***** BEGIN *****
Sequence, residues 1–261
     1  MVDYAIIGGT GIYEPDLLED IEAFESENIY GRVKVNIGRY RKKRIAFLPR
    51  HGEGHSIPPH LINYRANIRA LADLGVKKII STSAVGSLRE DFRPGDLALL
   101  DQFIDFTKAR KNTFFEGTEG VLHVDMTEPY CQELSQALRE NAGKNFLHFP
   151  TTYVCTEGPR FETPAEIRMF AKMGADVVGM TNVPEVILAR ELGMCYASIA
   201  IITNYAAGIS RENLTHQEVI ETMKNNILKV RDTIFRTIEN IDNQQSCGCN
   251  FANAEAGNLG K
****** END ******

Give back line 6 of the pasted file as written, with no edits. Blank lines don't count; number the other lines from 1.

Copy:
   201  IITNYAAGIS RENLTHQEVI ETMKNNILKV RDTIFRTIEN IDNQQSCGCN